In it, but not of it. TPM DC

If an unexpected order the Supreme Court issued in an Obamacare case could be seen as a last ditch effort to avoid a four-four split, the challengers in the case do not look too eager to play along.

Both the U.S. government and the religious organizations suing it weighed in on what seemed to be a compromise proposal by the Court in the case -- in which religious organizations are objecting to the accommodation offered to them as a part of Obamacare's contraceptive mandate -- and neither side was too happy with it.

But, while government begrudgingly signaled it would accept the tweaks to the current workaround that the Supreme Court floated, the challengers in the case doubled down on their arguments that female employees should do the extra work to get birth control coverage if their employers object to it and that coverage must come through a separate "contraceptive-only" plan. Their posturing isn't going to make life easy for the eight-justice Supreme Court to avoid a tie vote, which threatens a patchwork system where some employees' access to contraceptive coverage could depend on where they live.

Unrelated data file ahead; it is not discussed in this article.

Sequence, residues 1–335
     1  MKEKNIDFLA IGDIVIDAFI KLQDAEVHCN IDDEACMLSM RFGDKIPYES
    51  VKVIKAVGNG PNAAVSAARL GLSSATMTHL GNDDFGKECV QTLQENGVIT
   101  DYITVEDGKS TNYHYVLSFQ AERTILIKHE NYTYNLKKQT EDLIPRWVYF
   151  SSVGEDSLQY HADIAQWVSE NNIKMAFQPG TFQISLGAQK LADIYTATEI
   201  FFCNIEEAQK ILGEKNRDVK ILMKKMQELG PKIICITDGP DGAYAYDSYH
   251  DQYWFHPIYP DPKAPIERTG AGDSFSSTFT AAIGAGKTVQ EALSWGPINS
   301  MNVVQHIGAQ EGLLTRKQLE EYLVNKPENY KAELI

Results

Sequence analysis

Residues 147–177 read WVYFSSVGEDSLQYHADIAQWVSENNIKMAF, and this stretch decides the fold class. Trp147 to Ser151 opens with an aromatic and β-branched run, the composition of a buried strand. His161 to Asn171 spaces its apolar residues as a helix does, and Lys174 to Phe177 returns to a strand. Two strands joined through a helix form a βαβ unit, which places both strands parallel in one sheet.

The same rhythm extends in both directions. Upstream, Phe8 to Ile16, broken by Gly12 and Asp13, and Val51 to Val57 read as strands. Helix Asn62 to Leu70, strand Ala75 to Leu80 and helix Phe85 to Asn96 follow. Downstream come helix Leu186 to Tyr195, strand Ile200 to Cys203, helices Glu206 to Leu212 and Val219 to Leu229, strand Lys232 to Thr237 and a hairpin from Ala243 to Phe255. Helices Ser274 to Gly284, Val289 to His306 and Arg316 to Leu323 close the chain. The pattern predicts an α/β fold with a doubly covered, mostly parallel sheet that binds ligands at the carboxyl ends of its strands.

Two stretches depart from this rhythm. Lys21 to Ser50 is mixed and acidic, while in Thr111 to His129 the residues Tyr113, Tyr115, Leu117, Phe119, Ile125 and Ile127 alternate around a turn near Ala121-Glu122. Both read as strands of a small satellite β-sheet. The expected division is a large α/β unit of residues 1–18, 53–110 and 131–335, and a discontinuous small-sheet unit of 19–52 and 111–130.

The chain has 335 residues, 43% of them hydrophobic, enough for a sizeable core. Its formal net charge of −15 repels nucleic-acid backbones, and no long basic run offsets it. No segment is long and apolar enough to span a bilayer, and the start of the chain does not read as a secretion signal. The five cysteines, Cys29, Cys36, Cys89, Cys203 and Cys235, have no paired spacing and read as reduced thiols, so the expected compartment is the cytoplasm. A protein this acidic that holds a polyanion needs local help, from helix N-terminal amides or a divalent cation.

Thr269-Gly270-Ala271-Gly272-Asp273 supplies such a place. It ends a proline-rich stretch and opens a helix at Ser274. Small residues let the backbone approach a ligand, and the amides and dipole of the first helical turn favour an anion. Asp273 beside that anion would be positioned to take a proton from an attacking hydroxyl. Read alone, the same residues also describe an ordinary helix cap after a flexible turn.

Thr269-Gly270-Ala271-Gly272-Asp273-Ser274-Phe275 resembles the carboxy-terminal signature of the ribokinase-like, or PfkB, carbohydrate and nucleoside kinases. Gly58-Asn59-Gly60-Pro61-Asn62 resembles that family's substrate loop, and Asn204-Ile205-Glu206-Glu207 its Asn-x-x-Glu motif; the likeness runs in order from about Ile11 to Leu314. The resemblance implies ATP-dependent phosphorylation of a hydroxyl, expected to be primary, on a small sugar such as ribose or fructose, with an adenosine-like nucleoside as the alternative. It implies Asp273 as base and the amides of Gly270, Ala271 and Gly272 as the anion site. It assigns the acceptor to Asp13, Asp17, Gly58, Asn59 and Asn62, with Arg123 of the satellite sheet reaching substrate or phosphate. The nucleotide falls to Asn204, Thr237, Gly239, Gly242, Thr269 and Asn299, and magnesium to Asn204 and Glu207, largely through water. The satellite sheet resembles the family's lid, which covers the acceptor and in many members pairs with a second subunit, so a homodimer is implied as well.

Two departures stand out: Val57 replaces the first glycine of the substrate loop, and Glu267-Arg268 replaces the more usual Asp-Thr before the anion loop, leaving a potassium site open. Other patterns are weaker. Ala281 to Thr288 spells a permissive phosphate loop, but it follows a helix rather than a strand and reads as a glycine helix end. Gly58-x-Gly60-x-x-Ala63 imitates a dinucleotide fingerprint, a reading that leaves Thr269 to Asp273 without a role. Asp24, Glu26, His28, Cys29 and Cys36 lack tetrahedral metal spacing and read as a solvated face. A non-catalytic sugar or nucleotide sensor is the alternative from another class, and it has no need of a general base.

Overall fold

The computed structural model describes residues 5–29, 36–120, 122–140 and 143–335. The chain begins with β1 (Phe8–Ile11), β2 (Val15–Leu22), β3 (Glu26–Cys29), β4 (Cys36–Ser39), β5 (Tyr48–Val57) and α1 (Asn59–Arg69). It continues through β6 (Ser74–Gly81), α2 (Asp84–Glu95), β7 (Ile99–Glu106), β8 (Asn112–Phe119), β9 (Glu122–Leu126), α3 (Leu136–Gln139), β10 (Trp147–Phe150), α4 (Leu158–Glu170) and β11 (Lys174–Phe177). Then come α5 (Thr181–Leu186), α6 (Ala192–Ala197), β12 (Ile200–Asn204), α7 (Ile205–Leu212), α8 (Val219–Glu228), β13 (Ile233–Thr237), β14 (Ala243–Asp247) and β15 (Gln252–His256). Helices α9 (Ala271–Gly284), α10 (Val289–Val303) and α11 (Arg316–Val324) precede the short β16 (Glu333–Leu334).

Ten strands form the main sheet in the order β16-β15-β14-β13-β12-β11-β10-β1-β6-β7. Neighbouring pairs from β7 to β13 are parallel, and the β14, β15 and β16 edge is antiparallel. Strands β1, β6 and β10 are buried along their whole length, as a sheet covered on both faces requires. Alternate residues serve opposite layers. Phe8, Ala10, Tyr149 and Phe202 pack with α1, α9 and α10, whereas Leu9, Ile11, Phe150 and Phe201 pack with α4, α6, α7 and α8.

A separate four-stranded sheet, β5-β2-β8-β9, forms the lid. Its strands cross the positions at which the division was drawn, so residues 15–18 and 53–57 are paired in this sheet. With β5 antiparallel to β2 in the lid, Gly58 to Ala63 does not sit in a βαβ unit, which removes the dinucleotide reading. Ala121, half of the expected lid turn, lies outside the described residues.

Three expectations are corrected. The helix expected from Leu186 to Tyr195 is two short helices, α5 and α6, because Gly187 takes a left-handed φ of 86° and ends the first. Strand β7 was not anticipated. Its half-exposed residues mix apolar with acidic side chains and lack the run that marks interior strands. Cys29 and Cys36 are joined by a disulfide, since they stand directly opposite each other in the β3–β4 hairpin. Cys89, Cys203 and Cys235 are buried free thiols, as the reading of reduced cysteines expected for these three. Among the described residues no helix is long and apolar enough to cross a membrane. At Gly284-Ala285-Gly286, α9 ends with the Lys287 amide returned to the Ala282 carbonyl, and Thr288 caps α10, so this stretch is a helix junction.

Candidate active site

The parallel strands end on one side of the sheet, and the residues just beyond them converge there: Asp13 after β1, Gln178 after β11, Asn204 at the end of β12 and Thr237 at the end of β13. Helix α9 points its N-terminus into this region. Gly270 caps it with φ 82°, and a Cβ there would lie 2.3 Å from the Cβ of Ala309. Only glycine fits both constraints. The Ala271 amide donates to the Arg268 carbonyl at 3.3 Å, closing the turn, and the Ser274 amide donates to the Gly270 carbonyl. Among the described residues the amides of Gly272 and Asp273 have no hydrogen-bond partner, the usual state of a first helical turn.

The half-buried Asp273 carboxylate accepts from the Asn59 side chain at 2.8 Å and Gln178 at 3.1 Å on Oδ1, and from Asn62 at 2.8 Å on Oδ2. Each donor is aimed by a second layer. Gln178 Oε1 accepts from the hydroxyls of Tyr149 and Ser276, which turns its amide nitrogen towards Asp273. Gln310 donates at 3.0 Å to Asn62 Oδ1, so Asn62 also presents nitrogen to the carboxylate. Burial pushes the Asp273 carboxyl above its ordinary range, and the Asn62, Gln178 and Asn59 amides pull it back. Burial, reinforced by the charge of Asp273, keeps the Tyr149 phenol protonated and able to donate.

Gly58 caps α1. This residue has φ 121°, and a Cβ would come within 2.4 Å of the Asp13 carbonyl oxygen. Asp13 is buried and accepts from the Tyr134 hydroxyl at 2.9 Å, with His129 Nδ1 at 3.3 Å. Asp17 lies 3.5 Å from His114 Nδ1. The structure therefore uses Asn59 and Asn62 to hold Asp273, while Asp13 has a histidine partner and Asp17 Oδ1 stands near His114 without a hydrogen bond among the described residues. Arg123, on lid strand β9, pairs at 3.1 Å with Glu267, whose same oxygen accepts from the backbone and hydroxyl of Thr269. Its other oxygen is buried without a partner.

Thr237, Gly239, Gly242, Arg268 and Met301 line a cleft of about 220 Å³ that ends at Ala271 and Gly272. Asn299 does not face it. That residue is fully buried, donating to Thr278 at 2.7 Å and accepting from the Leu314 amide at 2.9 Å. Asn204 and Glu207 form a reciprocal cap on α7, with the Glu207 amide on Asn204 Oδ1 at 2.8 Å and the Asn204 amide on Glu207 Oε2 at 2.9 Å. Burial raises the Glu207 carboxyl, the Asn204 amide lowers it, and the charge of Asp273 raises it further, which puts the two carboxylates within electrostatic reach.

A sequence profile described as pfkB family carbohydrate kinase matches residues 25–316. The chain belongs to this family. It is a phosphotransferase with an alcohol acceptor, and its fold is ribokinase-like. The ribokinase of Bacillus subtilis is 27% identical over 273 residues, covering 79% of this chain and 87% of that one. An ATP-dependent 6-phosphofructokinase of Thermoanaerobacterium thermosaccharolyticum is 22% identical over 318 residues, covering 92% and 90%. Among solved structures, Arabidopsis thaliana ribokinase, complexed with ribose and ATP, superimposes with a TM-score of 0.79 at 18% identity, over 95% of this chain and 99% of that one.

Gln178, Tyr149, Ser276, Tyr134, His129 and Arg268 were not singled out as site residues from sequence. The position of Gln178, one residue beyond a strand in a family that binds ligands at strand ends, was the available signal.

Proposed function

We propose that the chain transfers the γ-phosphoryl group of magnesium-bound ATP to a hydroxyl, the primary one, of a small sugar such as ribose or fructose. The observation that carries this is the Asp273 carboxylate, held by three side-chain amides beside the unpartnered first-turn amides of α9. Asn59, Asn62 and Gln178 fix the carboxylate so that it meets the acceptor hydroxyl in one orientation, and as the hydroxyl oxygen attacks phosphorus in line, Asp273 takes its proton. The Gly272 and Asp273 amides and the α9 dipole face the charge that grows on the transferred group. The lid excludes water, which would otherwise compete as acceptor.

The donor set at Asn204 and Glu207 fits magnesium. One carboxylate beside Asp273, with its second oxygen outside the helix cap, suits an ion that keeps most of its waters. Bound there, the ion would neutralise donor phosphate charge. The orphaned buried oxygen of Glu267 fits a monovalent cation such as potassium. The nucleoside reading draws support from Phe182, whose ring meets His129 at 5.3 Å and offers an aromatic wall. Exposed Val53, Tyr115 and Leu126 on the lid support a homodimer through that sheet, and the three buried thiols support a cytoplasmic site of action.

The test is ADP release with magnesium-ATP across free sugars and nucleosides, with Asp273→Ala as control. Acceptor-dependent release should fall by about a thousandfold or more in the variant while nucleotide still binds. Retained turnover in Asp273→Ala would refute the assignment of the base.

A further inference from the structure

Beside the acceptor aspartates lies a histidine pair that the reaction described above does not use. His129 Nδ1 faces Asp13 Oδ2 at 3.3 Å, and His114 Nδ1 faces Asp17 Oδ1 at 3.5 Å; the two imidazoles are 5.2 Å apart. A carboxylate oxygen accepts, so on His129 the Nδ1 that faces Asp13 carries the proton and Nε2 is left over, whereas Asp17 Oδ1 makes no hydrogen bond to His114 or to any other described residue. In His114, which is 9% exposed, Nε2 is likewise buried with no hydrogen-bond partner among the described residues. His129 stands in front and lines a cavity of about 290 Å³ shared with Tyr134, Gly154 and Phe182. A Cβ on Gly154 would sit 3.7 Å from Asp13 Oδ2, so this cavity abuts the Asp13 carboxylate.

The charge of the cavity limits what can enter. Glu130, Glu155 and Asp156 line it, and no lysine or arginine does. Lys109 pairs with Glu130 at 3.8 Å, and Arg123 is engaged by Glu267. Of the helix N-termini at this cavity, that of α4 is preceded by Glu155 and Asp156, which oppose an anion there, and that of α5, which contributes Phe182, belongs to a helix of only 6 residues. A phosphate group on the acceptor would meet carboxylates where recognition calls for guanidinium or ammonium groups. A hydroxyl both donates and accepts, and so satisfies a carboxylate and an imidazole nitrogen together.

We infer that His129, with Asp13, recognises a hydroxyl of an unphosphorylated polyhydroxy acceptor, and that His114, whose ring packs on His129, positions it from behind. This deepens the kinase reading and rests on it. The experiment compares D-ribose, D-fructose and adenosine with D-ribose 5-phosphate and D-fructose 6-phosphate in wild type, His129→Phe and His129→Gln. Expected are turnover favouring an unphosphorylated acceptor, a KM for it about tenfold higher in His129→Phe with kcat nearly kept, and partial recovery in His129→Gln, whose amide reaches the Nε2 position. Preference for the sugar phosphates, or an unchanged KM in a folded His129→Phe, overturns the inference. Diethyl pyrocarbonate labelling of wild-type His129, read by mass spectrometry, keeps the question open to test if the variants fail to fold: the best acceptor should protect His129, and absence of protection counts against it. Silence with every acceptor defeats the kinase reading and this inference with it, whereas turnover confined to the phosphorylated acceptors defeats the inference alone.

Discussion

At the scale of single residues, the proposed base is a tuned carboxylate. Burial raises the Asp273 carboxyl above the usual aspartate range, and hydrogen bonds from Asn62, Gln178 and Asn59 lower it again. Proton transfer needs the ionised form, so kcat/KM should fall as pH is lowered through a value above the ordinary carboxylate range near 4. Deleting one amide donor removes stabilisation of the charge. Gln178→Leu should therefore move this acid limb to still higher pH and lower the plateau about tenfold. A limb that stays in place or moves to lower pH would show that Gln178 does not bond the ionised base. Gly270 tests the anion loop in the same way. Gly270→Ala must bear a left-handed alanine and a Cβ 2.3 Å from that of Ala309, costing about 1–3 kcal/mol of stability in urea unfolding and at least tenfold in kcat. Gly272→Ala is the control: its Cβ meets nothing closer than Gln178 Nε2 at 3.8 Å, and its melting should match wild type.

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Death threats -- including threats that describe death by hanging.

References to where you live.

Not-so-subtle allusions to your family.

Warnings that your personal information will soon become public -- or perhaps it has already.

These are just some of the reports coming in from low-level GOP officials around the country about the threats they claim to have received from pro-Trump forces. As Trump accuses other politicians and the party at large of denying him delegates, ominous messages believed to be coming from freelance Trump backers -- usually hiding behind anonymity -- have injected fear and anxiety into the usually low-stakes delegate selection process at the local and state level.

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The Republican conventions of years past have been a kind of political summer vacation for its delegates. For many party regulars, becoming a delegate is an opportunity to hobnob with your state's political power brokers, be bussed from one catered meal to the next, stay in nice hotels and cheer on the nominee at the convention from the best seats in the house during primetime.

But, this year, the Republican Party's delegates could have to work overtime, and many are in over their heads as they prepare for what could be the biggest Republican melee in decades, a potentially contested convention.